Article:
Meloxicam is a long-acting non-steroidal anti-inflammatory drug (NSAID) available by prescription only and used in therapy of chronic arthritis. Meloxicam has been linked to rare instances of acute, clinically apparent liver injury.
Meloxicam (mel ox' i kam) is an enolic acid that belongs to oxicam class of NSAIDs similar to piroxicam. Like other NSAIDs, meloxicam is a potent cyclo-oxygenase (Cox-1 and Cox-2) inhibitor which blocks the formation of prostaglandins that are important in pain and inflammatory pathways. Meloxicam has analgesic as well as anti-pyretic and anti-inflammatory activities. Meloxicam has a ten-fold selectivity in inhibiting Cox-2 over Cox-1 in vitro. The specificity for Cox-2 is believed to make meloxicam less likely to cause gastrointestinal mucosal injury compared to standard NSAIDs that inhibit both Cox enzymes, which would suggest that it should have fewer gastrointestinal side effects and less effects on platelet function than the non-selective Cox inhibitors (Cox-1 and Cox-2). However, in humans, meloxicam in full doses has a similar side effect profile as most non-selective NSAIDs, and its clinical advantage has yet to be proven. Meloxicam was approved in the United States in 2000 and currently more than 9 million prescriptions are filled yearly. Current indications are for chronic osteoarthritis, rheumatoid arthritis and juvenile rheumatoid arthritis. Meloxicam is available by prescription only in 7.5 and 15 mg tablets in generic forms and under the brand name Mobic. The recommended dose is 7.5 to 15 mg once daily. Like most NSAIDs, meloxicam is generally well tolerated but side effects can include gastrointestinal upset and pain, nausea, headache, dizziness, somnolence, itching, peripheral edema and hypersensitivity reactions.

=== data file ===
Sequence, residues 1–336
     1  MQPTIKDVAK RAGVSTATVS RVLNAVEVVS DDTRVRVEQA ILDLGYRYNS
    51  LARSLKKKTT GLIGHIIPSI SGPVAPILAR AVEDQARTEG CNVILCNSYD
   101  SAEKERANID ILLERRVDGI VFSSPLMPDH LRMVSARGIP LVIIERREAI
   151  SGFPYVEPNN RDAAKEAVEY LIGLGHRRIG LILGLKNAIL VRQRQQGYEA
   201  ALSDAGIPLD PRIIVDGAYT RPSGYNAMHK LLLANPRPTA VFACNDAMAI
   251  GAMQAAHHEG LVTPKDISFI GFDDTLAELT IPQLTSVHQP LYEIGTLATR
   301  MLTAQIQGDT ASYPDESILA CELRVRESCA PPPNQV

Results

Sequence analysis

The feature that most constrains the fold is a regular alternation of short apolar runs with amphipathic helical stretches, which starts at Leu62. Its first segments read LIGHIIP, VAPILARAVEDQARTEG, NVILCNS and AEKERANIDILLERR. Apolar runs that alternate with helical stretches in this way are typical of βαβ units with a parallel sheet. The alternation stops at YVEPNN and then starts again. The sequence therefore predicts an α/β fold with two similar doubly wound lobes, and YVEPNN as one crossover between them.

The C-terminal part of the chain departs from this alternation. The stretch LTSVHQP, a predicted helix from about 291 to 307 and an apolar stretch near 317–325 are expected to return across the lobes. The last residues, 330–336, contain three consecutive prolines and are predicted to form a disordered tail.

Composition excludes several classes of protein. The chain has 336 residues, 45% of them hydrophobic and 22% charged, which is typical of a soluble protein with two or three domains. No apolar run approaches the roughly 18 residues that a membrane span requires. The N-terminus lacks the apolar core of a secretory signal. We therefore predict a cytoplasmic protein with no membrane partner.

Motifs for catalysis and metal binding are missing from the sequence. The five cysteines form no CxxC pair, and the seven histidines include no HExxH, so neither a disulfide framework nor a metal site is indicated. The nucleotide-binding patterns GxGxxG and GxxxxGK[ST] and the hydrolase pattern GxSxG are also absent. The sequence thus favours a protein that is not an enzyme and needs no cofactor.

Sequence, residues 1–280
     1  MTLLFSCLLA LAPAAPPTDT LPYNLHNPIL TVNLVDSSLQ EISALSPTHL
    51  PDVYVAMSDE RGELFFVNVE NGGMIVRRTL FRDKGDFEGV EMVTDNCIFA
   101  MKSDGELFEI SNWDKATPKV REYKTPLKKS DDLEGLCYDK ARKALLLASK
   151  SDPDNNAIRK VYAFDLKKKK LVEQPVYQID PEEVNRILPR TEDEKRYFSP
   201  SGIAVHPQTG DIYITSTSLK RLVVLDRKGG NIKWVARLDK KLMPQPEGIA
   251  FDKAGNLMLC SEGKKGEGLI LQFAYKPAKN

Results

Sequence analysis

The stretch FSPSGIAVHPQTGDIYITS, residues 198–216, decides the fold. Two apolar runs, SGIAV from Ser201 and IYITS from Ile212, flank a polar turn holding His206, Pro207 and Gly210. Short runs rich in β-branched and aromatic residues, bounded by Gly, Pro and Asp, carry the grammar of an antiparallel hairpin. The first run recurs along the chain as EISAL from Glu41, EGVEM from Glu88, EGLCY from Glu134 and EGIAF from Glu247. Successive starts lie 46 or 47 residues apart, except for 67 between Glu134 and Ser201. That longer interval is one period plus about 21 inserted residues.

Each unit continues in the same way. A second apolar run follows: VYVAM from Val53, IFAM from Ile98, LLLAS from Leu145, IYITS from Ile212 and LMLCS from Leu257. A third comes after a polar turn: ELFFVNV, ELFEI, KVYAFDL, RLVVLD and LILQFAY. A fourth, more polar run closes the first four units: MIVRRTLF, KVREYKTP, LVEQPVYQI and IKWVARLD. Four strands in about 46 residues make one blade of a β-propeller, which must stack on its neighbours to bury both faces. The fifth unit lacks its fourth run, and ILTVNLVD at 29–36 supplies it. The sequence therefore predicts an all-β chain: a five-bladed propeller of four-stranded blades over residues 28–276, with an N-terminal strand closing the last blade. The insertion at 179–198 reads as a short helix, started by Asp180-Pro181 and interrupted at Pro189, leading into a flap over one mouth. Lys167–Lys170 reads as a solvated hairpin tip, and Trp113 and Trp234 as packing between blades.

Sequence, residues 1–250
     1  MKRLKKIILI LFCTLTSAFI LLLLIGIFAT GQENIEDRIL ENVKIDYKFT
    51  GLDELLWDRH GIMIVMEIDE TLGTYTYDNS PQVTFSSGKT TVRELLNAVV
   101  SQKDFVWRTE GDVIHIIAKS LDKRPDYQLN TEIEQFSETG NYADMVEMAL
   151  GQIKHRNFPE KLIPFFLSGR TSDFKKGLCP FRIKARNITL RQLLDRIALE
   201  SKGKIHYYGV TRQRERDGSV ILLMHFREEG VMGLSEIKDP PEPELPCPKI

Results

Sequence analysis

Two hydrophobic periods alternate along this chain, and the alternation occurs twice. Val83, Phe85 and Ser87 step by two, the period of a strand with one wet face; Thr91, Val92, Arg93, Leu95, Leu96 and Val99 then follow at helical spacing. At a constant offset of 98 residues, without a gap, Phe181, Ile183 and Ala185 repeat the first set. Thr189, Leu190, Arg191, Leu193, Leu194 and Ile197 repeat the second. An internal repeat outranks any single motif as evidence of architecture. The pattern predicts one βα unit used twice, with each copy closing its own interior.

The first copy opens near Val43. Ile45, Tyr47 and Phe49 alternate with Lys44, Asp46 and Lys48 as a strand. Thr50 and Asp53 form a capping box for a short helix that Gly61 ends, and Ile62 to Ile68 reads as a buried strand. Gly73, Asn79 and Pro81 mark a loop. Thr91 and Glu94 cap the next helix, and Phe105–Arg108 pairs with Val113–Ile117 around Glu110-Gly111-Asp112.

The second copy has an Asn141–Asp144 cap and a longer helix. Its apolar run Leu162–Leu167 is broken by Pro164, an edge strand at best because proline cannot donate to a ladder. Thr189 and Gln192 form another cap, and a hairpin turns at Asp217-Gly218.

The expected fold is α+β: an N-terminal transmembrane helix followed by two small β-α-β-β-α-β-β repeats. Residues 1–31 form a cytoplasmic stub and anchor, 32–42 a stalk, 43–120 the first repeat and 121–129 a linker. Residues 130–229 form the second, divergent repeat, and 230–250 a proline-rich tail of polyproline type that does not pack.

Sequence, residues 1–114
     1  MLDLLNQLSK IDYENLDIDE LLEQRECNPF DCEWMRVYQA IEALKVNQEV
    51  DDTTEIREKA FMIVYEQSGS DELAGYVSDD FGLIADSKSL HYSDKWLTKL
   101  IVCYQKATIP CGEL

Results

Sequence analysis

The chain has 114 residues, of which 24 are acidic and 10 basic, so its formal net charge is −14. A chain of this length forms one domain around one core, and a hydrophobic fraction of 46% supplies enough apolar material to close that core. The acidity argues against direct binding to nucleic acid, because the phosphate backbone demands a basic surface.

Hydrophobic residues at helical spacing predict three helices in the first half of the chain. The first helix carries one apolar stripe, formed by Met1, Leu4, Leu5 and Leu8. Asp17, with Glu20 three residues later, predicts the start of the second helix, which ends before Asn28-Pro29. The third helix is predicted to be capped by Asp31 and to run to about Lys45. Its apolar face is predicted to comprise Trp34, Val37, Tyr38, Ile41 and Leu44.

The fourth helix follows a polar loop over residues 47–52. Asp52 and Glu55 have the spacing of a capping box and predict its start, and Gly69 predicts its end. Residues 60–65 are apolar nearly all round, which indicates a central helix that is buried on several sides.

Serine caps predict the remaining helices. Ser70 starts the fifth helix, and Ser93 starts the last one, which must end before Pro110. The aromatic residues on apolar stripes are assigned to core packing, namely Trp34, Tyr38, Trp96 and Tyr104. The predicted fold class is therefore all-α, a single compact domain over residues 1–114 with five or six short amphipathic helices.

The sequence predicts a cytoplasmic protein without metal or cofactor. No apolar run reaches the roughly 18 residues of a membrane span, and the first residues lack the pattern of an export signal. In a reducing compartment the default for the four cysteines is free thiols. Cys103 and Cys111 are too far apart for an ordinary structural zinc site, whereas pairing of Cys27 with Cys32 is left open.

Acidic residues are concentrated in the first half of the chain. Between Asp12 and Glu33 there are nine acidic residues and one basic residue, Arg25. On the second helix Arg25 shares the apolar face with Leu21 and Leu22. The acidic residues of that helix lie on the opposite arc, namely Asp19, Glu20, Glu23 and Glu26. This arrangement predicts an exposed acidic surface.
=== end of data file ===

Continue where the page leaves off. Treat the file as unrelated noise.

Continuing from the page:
Prospective studies show that up to 7% of patients taking meloxicam experience at least transient serum aminotransferase elevations. These may resolve even with drug continuation. Aminotransferase elevations >3 fold elevated occur in 1% of patients. Clinically apparent liver injury with jaundice from meloxicam is rare and only individual case reports have been published. The latency to onset in reported cases was short (1-5 weeks) and both cholestatic and hepatocellular patterns of enzyme elevations were described. Immunoallergic features are usually not prominent and autoantibodies are rare, although a single case report of autoimmune hepatitis apparently triggered by meloxicam therapy has been published. Recovery is typically rapid once meloxicam is stopped. Meloxicam is rarely mentioned as an etiologic agent in large case series on drug-induced liver injury and acute liver failure.
Mechanism of Injury
The mechanism of meloxicam hepatotoxicity is not known.
Outcome and Management
Severity ranges from asymptomatic elevations in serum aminotransferase levels, to symptomatic hepatitis with or without jaundice. Fatal and chronic cases have not been described. Although cross-sensitivity has not been shown, patients with clinically apparent meloxicam-induced liver injury should probably avoid other oxicam NSAIDs such as piroxicam.
Clinical cases of drug-induced liver injury that have been submitted to LiverTox ("Submit a Case Report") are available for review. Most of these reference cases are from
the Drug-Induced Liver Injury Network, but others are from users of LiverTox who have submitted data from an actual clinical case. All cases have been reviewed and cleared
of personal identifiers and a brief comment added by the LiverTox editors. Click on the following link to view the submitted case reports that have been made publically available.
REPRESENTATIVE TRADE NAMES
Meloxicam – Mobic®
Anti-Inflammatory Agents, Nonsteroidal
FDA product labeling at DailyMed, National Library of Medicine, NIH
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References updated: 25 March 2015
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